On Saturday, August 7, Gideon Hill, MD and a member of the Baker Street Irregulars and the Sons of the Copper Beeches in Pennsylvania gave the talk “Vintage and Spirited”. It was a tongue-in-cheek discussion of Dr. Watson’s supposed alcoholism.

Peggy Perdue, Catherine Cooke, Neil McCaw and Timothy Johnson spoke on the futures of their various Collections and answered questions from the audience.

Russell Merritt, BSI and a semi-retired Professor of Film Studies at the University of California-Berkeley gave an illustrated talk on Sherlock Holmes and the Silent Cinema, with stills from the original movies, many now lost.

After lunch, there was a formal debate between Jon L. Lellenberg, a decorated member of the BSI and co-editor of “Arthur Conan Doyle: A Life in Letters” and author/editor of 8 volumes of BSI Archival History and Richard J. Sveum, MD , BSI and President of the Friends of the Sherlock Holmes Collections. Dr. Sveum held the position that Sherlockian scholarship began with “Studies in the Literature of Sherlock Holmes” by Mgr. Ronald Knox, a Fellow of Trinity College, Oxford, in 1912. Mr. Lellenberg contended that there had been earlier mentions of Holmes and his methods in the press before the 1912 paper was read to groups of college students before publication. Neither man gave up a foot of ground. The members of the audience were left to make up their own minds on the subject.

Less Klinger, BSI, Master Bootmaker of the Bootmakers of Toronto, and editor of “The New Annotated Sherlock Holmes” and “The New Annotated Dracula”, gave a paper on “Sherlock Holmes and the Spirit of Detective Fiction”. He has also served as consultant on the Guy Richie/Robert Downing, Jr. movie “Sherlock Holmes”.

“Boys and Girls Together” was the title of the paper given by Evelyn Herzog, BSI and ASH. She told the history of the founding of the Adventuresses of Sherlock Holmes after they had been shut out of the Baker Street Irregulars because of their sex. Women were not admitted to the BSI until 1991 although the ASH had invited men as members several years before.

The attendees of the conference were then invited to walk to the nearby Wilson Library to view the Allen Mackler 221B Sitting Room permanent exhibit. Paul Martin, BSI and Jon Lellenberg, BSI shared remarks about their long-time friend, Sherlockian collector Allen Mackler of the Norwegian Explorers.

Saturday night a banquet was given for the conference goers at the Holiday Inn Metrodome. Brad Keefauver, BSI, ASH addressed the celebrants and an auction of Sherlockian items for the benefit of the Sherlock Holmes Collections was held with Peter Blau, BSI, ASH as auctioneer.

At 9:30 am at the Anderson Library on Sunday, August 8, the conference continued with Tim Reich’s paper, “Guy de Maupassant’s “Le Horla” and the Haunting of Sherlock Holmes”. It drew parallels between Holmes’ conduct during a certain period of time in the stories and the behavior of de Maupassant’s hero in the story “Le Horla”.

S. E. Dahlinger, a decorated Baker Street Irregular, a member of ASH and a Master Bootmaker of the Bootmakers of Toronto held to the theme of the conference with her paper entitled “Haunting Libraries in Search of a Guaranteed Medium”. She spoke of her search for information and photographs from the Sherlock Holmes Collections regarding actor William Gillette’s appearance in the silent movie made from his stage success “Sherlock Holmes”.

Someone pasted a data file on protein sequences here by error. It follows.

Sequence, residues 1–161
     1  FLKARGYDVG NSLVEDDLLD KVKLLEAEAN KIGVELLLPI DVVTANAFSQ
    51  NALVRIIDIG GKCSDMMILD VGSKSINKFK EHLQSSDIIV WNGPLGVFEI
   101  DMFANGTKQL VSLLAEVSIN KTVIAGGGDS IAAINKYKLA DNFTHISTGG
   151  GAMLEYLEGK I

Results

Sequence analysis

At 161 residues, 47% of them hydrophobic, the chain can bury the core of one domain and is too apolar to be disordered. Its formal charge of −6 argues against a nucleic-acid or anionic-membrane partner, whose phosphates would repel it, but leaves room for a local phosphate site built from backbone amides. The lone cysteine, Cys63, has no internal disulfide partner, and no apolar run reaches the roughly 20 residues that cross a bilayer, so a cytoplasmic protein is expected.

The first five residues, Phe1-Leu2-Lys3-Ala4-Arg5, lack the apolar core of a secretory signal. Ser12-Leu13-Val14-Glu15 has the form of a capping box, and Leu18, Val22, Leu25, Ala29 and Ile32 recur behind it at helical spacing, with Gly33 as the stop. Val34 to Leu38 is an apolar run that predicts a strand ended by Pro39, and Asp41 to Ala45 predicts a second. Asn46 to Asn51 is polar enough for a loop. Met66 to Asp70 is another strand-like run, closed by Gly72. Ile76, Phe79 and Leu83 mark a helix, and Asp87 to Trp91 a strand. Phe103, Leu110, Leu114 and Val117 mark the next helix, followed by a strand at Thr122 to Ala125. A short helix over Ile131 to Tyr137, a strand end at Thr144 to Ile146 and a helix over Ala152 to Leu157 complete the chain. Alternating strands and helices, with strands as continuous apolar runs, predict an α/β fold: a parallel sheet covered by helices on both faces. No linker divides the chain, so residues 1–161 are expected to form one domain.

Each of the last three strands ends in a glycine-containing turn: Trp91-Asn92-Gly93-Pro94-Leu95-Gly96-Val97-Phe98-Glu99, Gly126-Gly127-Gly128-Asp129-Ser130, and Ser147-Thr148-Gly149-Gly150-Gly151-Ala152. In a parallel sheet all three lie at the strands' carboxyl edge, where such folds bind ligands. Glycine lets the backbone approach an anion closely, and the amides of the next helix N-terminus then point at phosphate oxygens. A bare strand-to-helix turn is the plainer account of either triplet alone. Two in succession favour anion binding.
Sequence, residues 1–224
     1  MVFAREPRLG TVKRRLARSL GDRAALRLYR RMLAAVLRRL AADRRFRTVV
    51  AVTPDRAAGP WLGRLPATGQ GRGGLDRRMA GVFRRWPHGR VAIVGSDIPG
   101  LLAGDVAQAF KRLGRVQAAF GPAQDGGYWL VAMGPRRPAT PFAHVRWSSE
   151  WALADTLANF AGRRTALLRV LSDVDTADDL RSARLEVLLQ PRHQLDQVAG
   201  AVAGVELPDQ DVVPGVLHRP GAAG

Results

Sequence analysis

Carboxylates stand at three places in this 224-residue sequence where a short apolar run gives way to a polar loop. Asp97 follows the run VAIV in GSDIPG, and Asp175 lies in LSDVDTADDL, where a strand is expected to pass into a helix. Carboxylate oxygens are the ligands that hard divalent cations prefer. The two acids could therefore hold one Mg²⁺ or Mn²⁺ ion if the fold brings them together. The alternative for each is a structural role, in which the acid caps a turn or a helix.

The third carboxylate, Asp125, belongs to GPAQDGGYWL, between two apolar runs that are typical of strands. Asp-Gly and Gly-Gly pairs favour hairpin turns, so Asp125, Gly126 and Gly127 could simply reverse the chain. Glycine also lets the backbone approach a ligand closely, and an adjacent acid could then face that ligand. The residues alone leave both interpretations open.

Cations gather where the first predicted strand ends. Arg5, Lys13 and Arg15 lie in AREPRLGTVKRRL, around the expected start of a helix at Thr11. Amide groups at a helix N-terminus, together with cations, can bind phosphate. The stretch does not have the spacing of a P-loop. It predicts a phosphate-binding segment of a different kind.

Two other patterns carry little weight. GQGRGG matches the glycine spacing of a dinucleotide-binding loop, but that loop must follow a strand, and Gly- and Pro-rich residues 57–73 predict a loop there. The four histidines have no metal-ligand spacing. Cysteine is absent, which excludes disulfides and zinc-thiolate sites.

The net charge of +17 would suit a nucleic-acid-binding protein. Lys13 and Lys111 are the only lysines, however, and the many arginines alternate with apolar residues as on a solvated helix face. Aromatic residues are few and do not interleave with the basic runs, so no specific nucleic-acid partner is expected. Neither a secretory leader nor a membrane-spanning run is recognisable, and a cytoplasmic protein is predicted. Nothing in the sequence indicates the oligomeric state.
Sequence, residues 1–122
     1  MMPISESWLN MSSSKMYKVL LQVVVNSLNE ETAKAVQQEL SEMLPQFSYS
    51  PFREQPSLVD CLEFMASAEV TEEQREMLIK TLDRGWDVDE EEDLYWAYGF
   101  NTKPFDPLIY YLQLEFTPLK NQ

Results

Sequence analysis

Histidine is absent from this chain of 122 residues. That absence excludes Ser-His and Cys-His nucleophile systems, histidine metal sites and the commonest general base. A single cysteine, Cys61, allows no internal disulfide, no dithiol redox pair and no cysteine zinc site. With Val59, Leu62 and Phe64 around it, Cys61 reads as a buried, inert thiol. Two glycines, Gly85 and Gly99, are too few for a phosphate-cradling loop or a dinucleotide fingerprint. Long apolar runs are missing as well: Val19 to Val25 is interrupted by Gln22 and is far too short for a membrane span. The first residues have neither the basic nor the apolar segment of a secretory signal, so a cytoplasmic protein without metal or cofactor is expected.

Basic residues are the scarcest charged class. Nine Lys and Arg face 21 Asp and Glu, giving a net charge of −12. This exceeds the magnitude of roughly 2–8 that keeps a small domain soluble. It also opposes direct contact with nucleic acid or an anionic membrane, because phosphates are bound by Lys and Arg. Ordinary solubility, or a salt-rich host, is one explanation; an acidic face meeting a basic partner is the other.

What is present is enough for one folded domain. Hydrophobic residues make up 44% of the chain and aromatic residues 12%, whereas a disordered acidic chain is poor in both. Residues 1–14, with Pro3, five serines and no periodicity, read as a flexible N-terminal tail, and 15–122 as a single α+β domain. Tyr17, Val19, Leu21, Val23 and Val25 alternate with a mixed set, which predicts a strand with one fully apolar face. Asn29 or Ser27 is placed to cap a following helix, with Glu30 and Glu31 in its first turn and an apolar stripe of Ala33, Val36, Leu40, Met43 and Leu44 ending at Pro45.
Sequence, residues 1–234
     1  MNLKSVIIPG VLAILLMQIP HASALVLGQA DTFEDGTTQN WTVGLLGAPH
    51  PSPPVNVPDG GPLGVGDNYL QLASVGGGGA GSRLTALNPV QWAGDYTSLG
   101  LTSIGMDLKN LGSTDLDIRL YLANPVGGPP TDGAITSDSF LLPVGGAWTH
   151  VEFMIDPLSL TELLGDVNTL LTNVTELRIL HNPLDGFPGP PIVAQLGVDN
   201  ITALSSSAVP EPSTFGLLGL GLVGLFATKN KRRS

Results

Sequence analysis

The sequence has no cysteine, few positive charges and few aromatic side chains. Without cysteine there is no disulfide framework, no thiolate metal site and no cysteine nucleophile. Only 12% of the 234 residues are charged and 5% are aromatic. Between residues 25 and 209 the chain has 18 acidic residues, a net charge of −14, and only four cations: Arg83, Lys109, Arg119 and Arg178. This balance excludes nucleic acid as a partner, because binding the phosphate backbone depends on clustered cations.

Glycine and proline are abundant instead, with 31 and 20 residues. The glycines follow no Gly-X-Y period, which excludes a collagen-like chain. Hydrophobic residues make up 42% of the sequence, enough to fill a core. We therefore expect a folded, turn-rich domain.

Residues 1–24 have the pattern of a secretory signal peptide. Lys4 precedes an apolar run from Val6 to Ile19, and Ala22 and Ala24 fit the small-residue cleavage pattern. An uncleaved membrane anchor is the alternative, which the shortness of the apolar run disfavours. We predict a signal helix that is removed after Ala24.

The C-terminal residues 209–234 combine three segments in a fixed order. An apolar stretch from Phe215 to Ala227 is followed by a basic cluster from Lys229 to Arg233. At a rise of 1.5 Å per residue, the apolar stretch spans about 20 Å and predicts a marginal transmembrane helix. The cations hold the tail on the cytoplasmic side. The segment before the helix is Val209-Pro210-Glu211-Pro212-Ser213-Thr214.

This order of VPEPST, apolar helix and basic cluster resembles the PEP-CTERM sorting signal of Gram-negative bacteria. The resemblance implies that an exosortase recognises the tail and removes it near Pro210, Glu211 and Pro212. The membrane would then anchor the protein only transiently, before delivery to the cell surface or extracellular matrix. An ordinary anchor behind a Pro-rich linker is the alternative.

Gayle with the notorious Giant Rat of Sumatra
The Sherlockian acting troupe The Red-Throated League of the Norwegian Explorers preformed an Edith Meiser radio script, “The Giant Rat of Sumatra” to close out the conference. Edith Meiser spent years in Hollywood writing for radio, including hundreds of Sherlock Holmes adventures for Basil Rathbone and Nigel Bruce. Her scripts are part of the Sherlock Holmes Collections. The performance was dedicated to the late Wayne Swift, BSI, who had the investiture The Giant Rat of Sumatra. A very large stuffed Rat Mr. Swift had made for himself and which was included in Mr. and Mrs. Swift’s donation to the Collections held pride of place in front of the microphones.

Most people went home that afternoon, but I stayed a few extra days. During that time I had dinner with Susan Rice, ASH, Mickey Fromkin, ASH, and Karen Murdock at a Nepali restaurant. We enjoyed yak dishes. Karen and I went to bookstores and I spent 3 more days at the Anderson Library Reading Room. I enjoyed seeing and handling many unusual items, including Vincent Starrett’s own copy of the “Beeton Christmas Annual”, the paperback magazine that published the first appearance of Sherlock Holmes in “A Study in Scarlet”. I read original copies of the Strand Magazine, which printed the Holmes short stories, and I leafed through some of the many scrapbooks John Bennett Shaw kept about all things Sherlockian. I particularly enjoyed the ones on Sherlockian-themed restaurants and Holmesian movies.

All in all, I had a wonderful time at the “Spirits of Sherlock Holmes” conference at the Elmer L. Anderson Library at the U of Minn. in Minneapolis. Their next one is in 2013 and I am already looking forward to it.

No comments:

Post a Comment